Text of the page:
Glenn Hammond Curtiss

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Glenn Hammond Curtiss

Hydroaeroplane

US Patent No. 1,170,965
Inducted in 2003
Born May 21, 1878 - Died July 23, 1930

Glenn Curtiss influenced every field of aeronautics. He holds 72 patents, including designs for dirigibles, aeroplanes, flying boats, commercial aircraft, and Navy planes. Curtiss built one of the first flying machines to land in water and founded one of the first companies created specifically for manufacturing airplanes.

Curtiss was born in Hammondsport, New York and opened a motorcycle shop in 1901. Respected for his quality motorcycle engines, Curtiss built the engine for the California Arrow, the first successful dirigible in America. He also worked for Alexander Graham Bell in the Aerial Experiment Association, designing the June Bug. It included ailerons a device controlling the lateral balance of an airplane making the Wright's wing-warping obsolete. In 1911, Curtiss designed a seaplane for the Navy, adding retractable landing gear to his design. By the start of World War I, Curtiss was the largest American aircraft manufacturer. His most famous design was the Jenny, which was primarily a military training aircraft for WWI and later used for barnstorming and mail delivery.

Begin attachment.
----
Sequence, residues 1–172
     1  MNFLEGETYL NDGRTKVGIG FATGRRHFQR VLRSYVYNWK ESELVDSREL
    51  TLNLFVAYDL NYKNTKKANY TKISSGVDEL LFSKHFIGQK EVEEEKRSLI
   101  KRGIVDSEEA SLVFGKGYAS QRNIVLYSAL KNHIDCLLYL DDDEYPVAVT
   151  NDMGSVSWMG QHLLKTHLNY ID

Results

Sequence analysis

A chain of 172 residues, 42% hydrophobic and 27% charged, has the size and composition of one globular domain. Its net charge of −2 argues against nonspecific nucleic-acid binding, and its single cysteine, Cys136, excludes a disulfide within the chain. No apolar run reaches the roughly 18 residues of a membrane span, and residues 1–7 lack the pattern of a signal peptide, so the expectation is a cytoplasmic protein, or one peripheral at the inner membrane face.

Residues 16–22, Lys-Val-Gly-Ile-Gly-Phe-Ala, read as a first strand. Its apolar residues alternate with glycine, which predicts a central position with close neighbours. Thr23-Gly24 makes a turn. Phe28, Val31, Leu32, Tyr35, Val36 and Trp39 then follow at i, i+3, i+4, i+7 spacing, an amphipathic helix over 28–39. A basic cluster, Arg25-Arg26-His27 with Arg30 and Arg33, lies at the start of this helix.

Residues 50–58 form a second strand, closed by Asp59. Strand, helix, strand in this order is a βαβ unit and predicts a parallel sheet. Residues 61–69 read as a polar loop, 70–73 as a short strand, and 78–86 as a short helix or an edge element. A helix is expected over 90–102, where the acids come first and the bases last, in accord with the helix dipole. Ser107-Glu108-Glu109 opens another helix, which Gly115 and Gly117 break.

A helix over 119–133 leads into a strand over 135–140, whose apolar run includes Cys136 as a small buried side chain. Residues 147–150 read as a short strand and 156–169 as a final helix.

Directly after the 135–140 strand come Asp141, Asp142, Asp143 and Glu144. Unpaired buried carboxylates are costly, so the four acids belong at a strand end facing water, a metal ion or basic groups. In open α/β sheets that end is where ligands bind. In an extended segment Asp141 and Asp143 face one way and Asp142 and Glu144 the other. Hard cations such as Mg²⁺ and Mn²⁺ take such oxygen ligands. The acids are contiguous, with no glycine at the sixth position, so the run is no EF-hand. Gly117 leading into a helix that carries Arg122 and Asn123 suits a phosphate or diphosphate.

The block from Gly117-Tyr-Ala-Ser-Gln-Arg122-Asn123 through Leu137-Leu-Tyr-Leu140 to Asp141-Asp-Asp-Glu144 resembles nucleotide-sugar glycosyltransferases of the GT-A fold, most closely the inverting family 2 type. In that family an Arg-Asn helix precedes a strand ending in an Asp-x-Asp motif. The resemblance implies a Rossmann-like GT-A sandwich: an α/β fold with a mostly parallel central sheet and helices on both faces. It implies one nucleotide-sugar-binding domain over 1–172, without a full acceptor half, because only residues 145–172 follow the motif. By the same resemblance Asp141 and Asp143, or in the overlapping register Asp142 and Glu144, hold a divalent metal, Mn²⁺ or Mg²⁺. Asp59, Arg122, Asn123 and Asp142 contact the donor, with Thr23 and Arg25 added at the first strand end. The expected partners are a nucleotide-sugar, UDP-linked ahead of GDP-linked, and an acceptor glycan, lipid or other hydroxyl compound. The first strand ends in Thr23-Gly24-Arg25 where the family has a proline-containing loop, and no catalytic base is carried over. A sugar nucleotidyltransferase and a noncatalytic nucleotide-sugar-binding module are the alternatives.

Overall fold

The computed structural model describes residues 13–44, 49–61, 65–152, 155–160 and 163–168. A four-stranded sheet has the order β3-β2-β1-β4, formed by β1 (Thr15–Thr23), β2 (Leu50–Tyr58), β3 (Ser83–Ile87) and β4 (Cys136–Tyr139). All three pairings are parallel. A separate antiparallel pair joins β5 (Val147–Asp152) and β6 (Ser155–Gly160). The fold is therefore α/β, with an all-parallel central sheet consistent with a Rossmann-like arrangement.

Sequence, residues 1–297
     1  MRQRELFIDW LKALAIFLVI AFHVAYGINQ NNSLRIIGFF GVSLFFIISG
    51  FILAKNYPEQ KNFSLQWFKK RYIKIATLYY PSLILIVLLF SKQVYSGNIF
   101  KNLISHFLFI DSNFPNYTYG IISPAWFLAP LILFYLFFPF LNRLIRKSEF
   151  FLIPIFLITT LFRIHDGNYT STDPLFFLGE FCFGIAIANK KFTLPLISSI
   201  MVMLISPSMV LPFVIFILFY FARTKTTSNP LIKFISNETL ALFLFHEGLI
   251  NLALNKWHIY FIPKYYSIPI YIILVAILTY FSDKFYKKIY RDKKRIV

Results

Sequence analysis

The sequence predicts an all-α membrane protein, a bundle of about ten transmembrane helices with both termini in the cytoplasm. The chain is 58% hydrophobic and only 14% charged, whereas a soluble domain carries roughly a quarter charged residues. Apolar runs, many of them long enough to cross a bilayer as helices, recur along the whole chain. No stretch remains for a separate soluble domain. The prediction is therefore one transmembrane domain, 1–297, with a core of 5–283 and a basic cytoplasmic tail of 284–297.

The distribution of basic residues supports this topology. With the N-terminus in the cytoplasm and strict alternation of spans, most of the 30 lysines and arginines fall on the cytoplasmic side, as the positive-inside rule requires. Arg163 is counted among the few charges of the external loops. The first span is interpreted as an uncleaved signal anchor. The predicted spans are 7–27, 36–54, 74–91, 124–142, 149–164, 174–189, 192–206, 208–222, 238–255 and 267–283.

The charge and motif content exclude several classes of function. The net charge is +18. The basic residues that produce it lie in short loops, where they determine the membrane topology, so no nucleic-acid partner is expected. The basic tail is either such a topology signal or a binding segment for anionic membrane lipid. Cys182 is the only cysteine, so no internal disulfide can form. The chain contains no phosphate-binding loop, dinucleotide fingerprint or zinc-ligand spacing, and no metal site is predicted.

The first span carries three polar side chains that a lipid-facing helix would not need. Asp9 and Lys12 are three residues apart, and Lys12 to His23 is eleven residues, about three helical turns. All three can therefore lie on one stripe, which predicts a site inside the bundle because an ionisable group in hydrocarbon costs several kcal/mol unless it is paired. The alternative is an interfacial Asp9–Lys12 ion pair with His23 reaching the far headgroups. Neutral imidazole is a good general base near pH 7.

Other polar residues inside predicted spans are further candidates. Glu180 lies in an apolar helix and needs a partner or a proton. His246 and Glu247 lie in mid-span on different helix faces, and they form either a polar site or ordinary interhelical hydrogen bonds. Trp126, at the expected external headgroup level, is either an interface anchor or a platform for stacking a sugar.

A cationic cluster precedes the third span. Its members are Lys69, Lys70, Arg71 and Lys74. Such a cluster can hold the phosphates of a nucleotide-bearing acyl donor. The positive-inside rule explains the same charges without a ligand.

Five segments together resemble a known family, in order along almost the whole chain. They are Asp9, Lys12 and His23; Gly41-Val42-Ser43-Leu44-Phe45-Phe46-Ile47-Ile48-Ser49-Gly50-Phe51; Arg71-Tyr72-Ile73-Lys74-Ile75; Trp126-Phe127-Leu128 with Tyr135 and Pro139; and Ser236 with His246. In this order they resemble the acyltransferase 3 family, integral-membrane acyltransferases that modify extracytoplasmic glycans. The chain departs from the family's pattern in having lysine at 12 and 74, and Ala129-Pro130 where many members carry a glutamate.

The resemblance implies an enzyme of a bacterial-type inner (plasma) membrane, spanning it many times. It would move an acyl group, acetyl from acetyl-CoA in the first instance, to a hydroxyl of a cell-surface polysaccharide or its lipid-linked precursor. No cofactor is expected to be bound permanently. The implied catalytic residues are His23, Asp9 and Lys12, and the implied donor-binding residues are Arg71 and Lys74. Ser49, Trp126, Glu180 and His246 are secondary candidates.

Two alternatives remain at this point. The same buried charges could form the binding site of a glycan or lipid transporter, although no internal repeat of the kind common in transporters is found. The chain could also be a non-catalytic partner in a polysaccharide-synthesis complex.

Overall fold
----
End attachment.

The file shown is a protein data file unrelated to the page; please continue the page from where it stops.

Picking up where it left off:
Glenn Curtiss is considered the most influential man in the evolution of aviation. His keen insight into aeronautics and aviation, despite having no formal education past eighth grade, affirms his genius. He holds the Collier Trophy and the Langley Medal.

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